Nation members attend a walk honouring Missing and Murdered Indigenous Women and Girls in Sioux Valley Dakota Nation on Friday, May 5, 2023. (Chelsea Kemp/CBC)

Antoine initially didn’t want to take part in the walk, but two other sisters and her daughter convinced her it would be healing.

“In the beginning, I was sad, cried. But throughout the walk, I was just thinking like, I can do this. I can do this. Even though my body may have said no, I made it,” she said.

“For me this really means a lot. I’ve done one many years ago, but it didn’t really affect me as hard as it does today. It’s part of healing.”

A woman with traditional Inuit face tattoos wearing a black top holds a red beaded dress medallion in front of a wooden door and a white stucco wall.
Nikki Komaksiutiksak, executive director of the Winnipeg-based Inuit resource centre Tunngasugit, holds a beaded red dress. (Tyson Koschik/CBC)

For Nikki Komaksiutiksak, the executive director of Tunngasugit, an Inuit resource centre based in Winnipeg, missing and murdered Indigenous women and girls is a deeply personal subject.

Her 17-year-old sister was killed 22 years ago, and Komaksiutikask believes her death wasn’t thoroughly investigated.

Three adults in red stand in the frame as well as a young child. The adult on the left holds a red sign that says, "Say their names." The person in the middle has a red hand print over her mouth. The person on the right holds a hand drum.
Hundreds took part in a round dance and rally at Portage Avenue and Main Street and then a gathering at The Forks in honour of Red Dress Day. (Prabhjot Singh Lotey/CBC)

Missing and murdered Indigenous women, girls and gender diverse people are a direct result of colonization, she said.

“You came here and stole our land from us. You came here and thought that we needed to live a more Canadian life. What does that even mean? All it has looked like for us is tragedy after tragedy, genocide after genocide,” Komaksiutikask said in an interview on Thursday.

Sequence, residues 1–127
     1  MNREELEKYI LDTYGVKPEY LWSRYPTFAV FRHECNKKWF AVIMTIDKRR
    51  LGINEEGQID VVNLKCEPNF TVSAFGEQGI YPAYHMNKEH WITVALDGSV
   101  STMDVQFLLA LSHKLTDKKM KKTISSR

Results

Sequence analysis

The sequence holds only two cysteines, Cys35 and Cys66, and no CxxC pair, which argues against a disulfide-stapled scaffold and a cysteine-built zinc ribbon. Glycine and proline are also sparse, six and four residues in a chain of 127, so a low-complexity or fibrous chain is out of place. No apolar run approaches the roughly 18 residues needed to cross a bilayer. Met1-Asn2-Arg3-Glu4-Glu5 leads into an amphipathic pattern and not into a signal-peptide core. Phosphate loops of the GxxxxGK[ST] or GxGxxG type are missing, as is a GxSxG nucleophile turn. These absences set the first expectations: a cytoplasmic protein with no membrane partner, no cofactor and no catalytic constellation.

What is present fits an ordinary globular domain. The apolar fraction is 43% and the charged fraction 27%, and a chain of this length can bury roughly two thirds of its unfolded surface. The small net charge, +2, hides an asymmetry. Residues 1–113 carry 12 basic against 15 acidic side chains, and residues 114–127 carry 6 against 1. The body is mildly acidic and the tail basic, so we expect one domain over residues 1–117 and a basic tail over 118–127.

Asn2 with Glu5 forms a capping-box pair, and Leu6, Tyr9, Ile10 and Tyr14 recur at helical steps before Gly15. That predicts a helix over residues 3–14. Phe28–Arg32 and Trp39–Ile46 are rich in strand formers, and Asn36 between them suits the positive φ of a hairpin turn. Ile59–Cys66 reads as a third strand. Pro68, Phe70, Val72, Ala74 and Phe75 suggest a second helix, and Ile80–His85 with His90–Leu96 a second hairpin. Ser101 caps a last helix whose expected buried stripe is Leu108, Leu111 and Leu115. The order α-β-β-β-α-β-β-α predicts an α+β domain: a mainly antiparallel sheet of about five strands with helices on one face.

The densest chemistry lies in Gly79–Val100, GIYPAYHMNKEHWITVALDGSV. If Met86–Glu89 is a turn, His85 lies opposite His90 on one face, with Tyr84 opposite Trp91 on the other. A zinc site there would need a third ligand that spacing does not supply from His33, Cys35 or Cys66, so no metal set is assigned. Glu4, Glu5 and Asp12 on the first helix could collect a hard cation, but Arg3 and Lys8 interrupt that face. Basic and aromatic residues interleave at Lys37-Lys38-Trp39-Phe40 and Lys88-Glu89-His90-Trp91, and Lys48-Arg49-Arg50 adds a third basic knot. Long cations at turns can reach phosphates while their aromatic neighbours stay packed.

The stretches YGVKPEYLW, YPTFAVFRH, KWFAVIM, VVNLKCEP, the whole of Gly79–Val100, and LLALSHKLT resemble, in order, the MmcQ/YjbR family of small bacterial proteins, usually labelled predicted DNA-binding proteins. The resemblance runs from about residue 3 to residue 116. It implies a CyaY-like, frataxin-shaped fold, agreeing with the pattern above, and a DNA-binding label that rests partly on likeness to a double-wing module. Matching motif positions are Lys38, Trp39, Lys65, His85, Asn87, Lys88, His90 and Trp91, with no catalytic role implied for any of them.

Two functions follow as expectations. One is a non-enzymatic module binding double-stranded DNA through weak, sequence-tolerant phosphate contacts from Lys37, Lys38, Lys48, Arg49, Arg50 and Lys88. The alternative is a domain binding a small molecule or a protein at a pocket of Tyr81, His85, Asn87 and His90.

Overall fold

“We need the federal government to work with our Indigenous leaders in a way where there’s compassion, where there is love and support at the foundation of who we are as human beings.”

Komaksiutiksak recently stood with Winnipeg Centre MP Leah Gazan to call for a national state of emergency over missing and murdered Indigenous women, girls and gender diverse people.

A red dress on a hanger blows in the wind.
Advocates say the federal government must put in place the 231 calls to justice that were issued four years ago as part of the Missing and Murdered Indigenous Women and Girls Inquiry. (Prabhjot Singh Lotey/CBC)

Assembly of Manitoba Chiefs Grand Chief Cathy Merrick said the tragedies are a signal that the federal government must address the recommendations laid out in the final report of the missing and murdered Indigenous women and girls inquiry, which was released four years ago next month.

“We need to ensure that those calls to actions get implemented in a timely manner, because they haven’t been implemented,” she said in a Thursday interview.

The Assembly of Manitoba Chiefs also hopes to create a database of missing and murdered Indigenous women and girls. They’re waiting for the federal government’s approval before they get to work, she said.